The Generations Travelling Through Time
Although there is not a rigidly accepted definition of the various generations, I found the following presentation charts from Mark Crossler (twitter: @mcrossler) at Oregon State University (based on US Census Data) to be useful for generation names, birthdates and sizes (see the year 2000 slide below for these definitions). It is also important to note that the various generations (e.g. Boomers, GenX, Millenials, etc.) are not all the same size in number of years; some are 15 years, others are 20 years in duration. So because of the inconsistent durations, size of a generation as a percentage of the total population can be somewhat misleading. The presentation was also helpful to understand the actual size for each year within the generations and the macro size changes from year 2000 projected out to 2030. I picked out a few slides that illustrate the projected generational demographics.
You will see from the year 2000 slide, the Boomers represented the largest cohort by a significant margin, but by 2030 Millenials and Moderns (Generation Z), and the as yet unnamed cohort after Gen Z are expected to grow rapidly in size and percentage, exceeding even the earlier boomer size peaks.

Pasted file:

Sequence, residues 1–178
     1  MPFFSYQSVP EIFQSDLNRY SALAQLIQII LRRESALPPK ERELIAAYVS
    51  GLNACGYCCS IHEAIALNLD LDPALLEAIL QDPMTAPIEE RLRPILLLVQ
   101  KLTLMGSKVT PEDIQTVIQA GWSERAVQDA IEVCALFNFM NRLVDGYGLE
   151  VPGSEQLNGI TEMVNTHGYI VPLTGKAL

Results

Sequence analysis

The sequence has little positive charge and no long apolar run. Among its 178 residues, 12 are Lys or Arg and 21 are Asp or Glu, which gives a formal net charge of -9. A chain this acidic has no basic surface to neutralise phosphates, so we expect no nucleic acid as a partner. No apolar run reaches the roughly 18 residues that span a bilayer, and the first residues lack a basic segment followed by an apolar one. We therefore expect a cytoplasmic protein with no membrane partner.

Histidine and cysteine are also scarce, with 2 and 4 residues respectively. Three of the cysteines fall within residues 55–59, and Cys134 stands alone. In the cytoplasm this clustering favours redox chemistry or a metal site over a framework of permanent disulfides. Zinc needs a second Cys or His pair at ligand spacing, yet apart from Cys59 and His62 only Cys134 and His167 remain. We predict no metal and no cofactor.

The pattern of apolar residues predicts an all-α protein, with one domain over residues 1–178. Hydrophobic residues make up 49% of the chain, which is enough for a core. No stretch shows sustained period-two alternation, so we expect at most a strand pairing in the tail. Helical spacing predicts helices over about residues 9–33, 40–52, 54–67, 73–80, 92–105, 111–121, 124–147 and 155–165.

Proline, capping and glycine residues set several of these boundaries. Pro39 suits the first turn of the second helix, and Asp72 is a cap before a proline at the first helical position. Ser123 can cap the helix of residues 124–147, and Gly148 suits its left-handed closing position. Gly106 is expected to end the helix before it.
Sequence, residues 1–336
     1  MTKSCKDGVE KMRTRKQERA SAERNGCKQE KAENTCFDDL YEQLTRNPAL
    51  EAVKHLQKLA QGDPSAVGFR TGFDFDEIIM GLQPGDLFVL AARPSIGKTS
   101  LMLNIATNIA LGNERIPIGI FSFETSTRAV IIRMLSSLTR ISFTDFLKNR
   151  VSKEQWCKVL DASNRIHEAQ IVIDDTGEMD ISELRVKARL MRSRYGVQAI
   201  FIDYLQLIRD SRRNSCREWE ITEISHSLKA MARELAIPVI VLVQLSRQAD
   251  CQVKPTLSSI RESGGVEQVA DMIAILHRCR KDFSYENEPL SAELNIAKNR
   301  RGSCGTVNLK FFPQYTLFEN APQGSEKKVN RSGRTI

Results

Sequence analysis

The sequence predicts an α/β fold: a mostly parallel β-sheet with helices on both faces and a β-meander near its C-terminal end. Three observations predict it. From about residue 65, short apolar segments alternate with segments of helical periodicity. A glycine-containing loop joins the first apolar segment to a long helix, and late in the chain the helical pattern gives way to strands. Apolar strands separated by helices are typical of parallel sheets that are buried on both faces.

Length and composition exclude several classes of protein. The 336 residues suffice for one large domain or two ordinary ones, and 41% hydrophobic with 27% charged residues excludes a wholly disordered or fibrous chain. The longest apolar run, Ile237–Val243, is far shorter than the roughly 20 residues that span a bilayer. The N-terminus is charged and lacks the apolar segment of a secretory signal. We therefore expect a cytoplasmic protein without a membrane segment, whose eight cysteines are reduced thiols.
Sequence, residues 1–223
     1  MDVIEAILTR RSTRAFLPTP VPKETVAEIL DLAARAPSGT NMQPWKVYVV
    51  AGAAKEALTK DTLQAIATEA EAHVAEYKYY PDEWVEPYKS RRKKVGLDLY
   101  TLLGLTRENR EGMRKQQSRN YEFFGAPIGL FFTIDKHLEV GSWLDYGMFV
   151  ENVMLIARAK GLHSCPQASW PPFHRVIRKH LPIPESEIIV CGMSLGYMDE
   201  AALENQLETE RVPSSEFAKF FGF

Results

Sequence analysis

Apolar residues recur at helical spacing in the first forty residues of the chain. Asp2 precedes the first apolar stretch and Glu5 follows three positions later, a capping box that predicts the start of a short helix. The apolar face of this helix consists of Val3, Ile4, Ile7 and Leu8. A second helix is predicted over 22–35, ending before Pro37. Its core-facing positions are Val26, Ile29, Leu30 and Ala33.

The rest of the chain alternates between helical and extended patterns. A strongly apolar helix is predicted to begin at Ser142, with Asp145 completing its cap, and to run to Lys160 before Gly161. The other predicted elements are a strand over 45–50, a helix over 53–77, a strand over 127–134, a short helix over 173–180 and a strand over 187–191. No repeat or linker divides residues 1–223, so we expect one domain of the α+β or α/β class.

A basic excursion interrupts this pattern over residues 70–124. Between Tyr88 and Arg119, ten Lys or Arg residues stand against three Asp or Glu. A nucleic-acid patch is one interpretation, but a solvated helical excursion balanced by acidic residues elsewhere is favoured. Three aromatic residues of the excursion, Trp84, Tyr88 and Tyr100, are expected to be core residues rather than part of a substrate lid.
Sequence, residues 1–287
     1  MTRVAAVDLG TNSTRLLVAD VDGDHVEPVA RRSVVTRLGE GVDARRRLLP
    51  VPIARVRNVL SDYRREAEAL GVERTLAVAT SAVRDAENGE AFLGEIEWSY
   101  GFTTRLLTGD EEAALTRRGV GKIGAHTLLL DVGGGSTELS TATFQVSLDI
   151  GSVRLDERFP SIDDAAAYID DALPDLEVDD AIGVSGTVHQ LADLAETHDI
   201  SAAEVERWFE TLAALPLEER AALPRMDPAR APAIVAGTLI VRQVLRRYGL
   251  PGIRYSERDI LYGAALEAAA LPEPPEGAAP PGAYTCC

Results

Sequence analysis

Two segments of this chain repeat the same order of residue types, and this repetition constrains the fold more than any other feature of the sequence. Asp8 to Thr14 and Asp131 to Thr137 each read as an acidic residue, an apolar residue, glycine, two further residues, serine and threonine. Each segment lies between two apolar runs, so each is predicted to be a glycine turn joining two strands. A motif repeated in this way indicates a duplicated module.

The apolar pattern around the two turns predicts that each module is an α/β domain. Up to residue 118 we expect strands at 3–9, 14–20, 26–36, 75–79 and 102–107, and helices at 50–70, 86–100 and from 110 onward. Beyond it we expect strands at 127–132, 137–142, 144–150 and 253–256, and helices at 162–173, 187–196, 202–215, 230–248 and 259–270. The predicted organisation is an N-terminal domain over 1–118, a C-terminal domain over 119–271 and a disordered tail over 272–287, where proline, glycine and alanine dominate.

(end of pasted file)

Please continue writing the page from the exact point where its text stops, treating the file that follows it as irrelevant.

Property of Mark Crossler (Oregon State University): U.S. Generations
Getting back into our time-travelling DeLorean, and going back to year 2000, we see another interesting aspect of the generational changes across time between 2000 and 2030. The darker vertical bar in the following three slides from Mark Crossler’s presentation, represents the time when a generation is passing through the all important formative ages of 20 – 35. This age period of 20 – 35 is critically important as the time when transition from young adulthood to starting families and putting down roots largely occurs.
Although it is too long of an analysis for this blog, when you map this young adulthood transition to macro-economic performance, most notably the crash of 2008 – 2009 and the following 3 – 4 years of slow economic growth, you will see that the Millennial generation was moving through it’s 20 – 35 age period at almost exactly this time. Perhaps this explains the key issues of not owning their own homes, living longer with parents and experiencing high educational debts.
Again, I invite you to attend the ArCompany Millennial Think Tank to garner more incites directly from the Millennial cohort themselves.